If you were reading the Asian financial press at the time, you would see dozens of articles *every day* listing another American manufacturer's announcement to open factories in Asia. The Carlyle Group, made up of, among others, Reagan and Bush and their minions, as well as British and Philippine policy makers, had announcements every week of more investment of dollars in Asia. The US Navy held conferences on how to invest in various Asia countries - which were the most corrupt, the best educated, had the best returns, etc.

By the 2000s, those factories were coming on line, and jobs started really disappearing, although it had been happening since the 70s, when Japanese manufacturing overtook American electronics and almost took down Detroit. One of the things Clinton did was to stop gathering and announcing the closure of large businesses, who were laying off thousands, tens of thousands of workers.

Another thing Clinton did was spend millions of US taxpayer money to build an international high-speed broad-band cable between the US and India, so American computer companies could spend billions of dollars building up the Indian software industry, moving jobs to India, meanwhile shutting down US computer training centers and laying off millions of US programmers.

No. It's not going to get better.

Look at the way workers in Italy, Mexico, Singapore live, and take pointers on how to live on poverty wages.

I was lobbying my Senators, my congressman, even the speaker of the House of my state, who was from my district and giving out tax incentives to local software firms who were refusing to disclose their employment statistics back in the late 90s, early 2000s. They all knew what was going on. They were hoping that people wouldn't catch on until it was too late.

It looks like their plans worked.

People still don't get it. They think things are going to get better. Things are going to get worse. This TPPA bill that Obama is pushing through will further seal our fate, and most people just can't bother to even learn about it, much less hold their Senators and Congressperson's feet to the fire when they vote for it. Which they will.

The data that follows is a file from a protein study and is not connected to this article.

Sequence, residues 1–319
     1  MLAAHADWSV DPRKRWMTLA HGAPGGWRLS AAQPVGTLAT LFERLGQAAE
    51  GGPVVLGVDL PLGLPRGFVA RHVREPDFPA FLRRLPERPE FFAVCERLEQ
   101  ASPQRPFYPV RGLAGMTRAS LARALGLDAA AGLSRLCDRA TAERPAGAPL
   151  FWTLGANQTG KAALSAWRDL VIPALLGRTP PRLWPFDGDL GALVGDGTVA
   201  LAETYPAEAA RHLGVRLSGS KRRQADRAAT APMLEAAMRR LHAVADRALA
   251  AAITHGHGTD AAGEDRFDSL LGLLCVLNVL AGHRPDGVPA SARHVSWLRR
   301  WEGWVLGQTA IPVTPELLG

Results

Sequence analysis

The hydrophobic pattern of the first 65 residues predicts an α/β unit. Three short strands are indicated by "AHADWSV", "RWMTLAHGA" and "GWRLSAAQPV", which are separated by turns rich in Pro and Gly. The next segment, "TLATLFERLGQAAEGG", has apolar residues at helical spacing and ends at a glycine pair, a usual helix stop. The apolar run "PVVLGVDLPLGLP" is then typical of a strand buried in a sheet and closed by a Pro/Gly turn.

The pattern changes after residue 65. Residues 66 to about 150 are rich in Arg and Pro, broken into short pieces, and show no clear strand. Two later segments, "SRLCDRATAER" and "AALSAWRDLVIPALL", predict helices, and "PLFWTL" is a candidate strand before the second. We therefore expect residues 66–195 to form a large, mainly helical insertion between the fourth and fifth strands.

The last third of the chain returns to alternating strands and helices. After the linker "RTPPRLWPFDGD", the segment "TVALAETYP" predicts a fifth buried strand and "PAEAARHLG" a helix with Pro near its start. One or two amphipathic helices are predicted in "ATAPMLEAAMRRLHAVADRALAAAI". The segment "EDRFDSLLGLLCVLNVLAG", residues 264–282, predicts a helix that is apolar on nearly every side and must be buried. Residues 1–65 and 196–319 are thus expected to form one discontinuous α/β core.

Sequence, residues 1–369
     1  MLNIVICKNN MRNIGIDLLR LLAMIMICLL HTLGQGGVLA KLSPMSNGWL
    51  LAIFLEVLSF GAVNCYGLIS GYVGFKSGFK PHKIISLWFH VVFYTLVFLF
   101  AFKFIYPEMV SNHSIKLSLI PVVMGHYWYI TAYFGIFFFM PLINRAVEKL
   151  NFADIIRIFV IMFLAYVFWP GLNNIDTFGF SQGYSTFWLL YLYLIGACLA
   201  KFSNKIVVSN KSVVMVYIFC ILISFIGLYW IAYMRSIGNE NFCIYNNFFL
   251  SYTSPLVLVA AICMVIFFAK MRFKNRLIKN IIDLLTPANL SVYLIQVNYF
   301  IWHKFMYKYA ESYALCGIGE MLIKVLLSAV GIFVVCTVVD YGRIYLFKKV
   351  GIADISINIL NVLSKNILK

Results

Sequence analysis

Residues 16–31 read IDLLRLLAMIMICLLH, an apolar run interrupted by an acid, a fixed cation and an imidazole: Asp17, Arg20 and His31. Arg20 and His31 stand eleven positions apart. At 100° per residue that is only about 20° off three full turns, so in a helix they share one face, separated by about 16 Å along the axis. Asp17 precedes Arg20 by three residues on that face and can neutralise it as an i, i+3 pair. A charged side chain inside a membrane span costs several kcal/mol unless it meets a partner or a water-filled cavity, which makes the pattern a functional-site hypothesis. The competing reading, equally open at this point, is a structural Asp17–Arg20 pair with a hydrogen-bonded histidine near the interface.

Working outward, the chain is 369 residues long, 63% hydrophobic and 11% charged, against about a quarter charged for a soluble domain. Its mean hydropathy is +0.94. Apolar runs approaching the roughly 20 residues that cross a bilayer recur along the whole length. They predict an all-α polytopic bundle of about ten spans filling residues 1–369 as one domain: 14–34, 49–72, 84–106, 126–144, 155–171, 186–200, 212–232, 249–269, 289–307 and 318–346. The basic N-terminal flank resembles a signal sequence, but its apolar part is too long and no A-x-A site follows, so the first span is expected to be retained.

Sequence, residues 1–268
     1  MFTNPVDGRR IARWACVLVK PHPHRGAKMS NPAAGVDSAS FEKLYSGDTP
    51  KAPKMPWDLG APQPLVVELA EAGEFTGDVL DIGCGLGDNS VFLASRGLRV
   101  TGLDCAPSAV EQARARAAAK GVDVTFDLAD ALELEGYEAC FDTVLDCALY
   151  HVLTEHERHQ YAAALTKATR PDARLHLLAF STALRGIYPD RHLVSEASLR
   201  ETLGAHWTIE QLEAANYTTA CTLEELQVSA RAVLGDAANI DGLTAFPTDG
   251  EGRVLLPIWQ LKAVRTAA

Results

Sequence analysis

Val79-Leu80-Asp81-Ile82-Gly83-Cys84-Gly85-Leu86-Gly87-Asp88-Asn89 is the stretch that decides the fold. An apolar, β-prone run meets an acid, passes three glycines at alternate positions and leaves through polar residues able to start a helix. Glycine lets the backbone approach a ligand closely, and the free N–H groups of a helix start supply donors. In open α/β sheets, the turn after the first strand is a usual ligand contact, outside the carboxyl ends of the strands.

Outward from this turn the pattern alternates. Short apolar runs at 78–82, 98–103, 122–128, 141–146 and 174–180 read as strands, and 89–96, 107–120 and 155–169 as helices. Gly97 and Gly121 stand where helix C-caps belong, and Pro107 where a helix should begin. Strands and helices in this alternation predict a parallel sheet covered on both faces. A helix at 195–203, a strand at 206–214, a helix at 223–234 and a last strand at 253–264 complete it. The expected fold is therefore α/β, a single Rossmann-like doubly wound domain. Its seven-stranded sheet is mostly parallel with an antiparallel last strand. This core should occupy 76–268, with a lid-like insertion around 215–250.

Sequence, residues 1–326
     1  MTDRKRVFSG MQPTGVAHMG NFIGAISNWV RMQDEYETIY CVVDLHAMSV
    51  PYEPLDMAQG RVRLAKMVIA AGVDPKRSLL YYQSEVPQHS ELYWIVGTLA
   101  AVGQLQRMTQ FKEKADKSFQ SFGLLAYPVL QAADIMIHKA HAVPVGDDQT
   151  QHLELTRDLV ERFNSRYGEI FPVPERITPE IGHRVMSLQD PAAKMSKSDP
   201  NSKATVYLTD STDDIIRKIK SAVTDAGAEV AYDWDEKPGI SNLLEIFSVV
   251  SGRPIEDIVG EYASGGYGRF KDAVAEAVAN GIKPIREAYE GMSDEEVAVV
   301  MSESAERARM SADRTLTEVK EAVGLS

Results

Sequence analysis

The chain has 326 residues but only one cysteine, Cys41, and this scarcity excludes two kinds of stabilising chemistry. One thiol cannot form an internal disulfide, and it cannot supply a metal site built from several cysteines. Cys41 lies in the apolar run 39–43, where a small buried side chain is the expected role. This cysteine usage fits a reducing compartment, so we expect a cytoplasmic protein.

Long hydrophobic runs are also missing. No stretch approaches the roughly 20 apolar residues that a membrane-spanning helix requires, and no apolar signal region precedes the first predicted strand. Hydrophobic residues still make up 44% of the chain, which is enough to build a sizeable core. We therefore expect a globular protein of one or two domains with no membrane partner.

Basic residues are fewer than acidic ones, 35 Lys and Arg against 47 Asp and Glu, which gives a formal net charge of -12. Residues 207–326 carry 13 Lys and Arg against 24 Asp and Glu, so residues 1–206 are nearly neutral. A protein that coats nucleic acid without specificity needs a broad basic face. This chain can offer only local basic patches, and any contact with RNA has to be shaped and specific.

It's a Done Deal. Get used to it.
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Old 05-18-2015, 01:36 PM
 
Location: Florida
62,647 posts, read 34,157,952 times
Reputation: 10400
Quote:
Originally Posted by randomparent View Post
I'd like to see that graph from 1980 to 2008. In 1980, there weren't any Xers in the workforce. We hit in the late '80s, well into the transition. When I landed my first professional position in 1990 straight out of college, there were DC plans, but the DB plans were history.
I stated in 1990 and pensions plans were very much in the picture. We also had 401Ks. 401Ks started in late 1970s. My last pension plan was eliminated in 2004. I worked in software industry and I never worked for a company which did NOT offer pensions until they started disappearing in that sector around 2000.
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Old 05-18-2015, 01:40 PM
 
Location: The analog world
17,087 posts, read 9,802,637 times
Reputation: 22736
Quote:
Originally Posted by Finn_Jarber View Post
I stated in 1990 and pensions plans were very much in the picture. We also had 401Ks. 401Ks started in late 1970s. My last pension plan was eliminated in 2004. I worked in software industry and I never worked for a company which did NOT offer pensions until they started disappearing in that sector around 2000.
Interesting. Same industry, but different experiences. Thanks for the enlightening dialogue.
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Old 05-18-2015, 01:44 PM
 
Location: Great State of Texas
86,093 posts, read 72,311,213 times
Reputation: 27564
Quote:
Originally Posted by randomparent View Post
I'd like to see that graph from 1980 to 2008. In 1980, there weren't any Xers in the workforce. We hit in the late '80s, well into the transition. When I landed my first professional position in 1990 straight out of college, there were DC plans, but the DB plans were history.